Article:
At face value, the term "parts hauler" sounds like a negative description for a vehicle. When you hear about a shop's parts hauler truck, you'd likely imagine a beat-up, dented old workhorse—a vehicle made for running errands, nothing more. If you're anything like us, you certainly wouldn't imagine something as clean and tastefully modified as this 1987 Chevy Silverado could be an ordinary parts hauler. Then again, once you hear the identity of the shop that built it, you'll understand why it looks as good as it does.
This little red pickup belongs to American Hot Rods, of Anaheim, California. Even if that name doesn't ring a bell, you'd probably recognize the shop's owner, Duane Mayer, from his TV career. Duane was Boyd Coddington's shop manager on the Discovery Channel reality TV series, "American Hot Rod" from 2004 to 2008. After the show ended, Duane opened American Hot Rods on his own, applying his considerable automotive restoration and customization know-how to new projects. Duane and his team eventually needed a truck for parts runs, but true to the hot rodding spirit, they couldn't just leave it stock.
First, the truck was torn apart for a full restoration. The sheetmetal was smoothed and prepped for new paint, and louvers were added to the hood and tailgate for a custom look. Then, the entire body was sprayed in Boyd Coddington's signature red paint, and cut and buffed to a high gloss. The exterior was further refreshed with new glass, weatherstrip, moldings, emblems, lighting, bumpers, and more. Duane also decided to rebuild the truck's suspension and add a lowering kit, yielding a stance that looks aggressive but remains functional for day-to-day work. A staggered set of 20- and 22-inch Intro billet wheels serve as the finishing touch.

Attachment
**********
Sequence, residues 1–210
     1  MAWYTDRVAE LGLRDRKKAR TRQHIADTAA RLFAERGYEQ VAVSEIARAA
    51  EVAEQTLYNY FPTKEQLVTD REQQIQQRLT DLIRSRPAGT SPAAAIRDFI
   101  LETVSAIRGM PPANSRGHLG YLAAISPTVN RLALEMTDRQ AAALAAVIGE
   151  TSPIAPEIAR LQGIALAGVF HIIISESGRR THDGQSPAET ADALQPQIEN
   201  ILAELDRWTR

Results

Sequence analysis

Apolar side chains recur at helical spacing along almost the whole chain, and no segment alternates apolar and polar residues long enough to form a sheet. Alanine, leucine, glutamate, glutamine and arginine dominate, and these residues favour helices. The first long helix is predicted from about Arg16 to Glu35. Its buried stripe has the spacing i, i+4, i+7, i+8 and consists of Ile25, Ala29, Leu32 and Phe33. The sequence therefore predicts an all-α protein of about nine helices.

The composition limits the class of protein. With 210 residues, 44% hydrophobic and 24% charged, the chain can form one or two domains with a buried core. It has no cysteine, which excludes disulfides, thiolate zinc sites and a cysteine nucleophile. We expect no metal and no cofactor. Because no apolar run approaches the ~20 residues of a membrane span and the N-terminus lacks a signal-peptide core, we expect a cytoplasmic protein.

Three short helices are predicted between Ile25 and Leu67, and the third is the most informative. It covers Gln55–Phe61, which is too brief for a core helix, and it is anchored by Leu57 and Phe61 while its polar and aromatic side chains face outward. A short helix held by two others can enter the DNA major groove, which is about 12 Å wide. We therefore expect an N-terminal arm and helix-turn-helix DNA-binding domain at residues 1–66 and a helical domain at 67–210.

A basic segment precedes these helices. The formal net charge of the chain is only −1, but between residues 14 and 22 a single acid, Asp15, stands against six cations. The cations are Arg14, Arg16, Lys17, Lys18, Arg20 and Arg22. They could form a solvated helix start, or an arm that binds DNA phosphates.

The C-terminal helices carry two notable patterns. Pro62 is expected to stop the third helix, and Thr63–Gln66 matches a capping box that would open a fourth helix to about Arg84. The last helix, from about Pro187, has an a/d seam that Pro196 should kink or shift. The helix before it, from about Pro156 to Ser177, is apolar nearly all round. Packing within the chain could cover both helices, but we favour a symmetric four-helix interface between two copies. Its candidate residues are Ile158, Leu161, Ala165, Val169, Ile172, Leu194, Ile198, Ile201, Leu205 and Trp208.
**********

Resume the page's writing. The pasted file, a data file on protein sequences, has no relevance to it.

You might think that this truck is too clean for real work, but other aspects of the build prove its utilitarian nature. Under the louvered hood resides a stock fuel-injected 305ci V8 paired to an equally stock automatic transmission—not the chrome-clad high-performance motor you'd expect in a show vehicle. The humble 305 is more efficient and reliable than a high-output build, and better suited for a daily-driven pickup. Also, rather than polished mahogany or teak, the bed floor is lined with low-maintenance matte black bedliner. The cab's interior is equally barebones, and even the steering wheel remains stock.
This 1987 Chevy Silverado just goes to show that the term "parts hauler" doesn't have to be a statement of a vehicle's quality. This shop's parts hauler is tough enough to work Monday through Friday, but clean enough to take to car shows on weekends. Overall, the project's results exude the quality you'd expect from a well-known builder like Duane.
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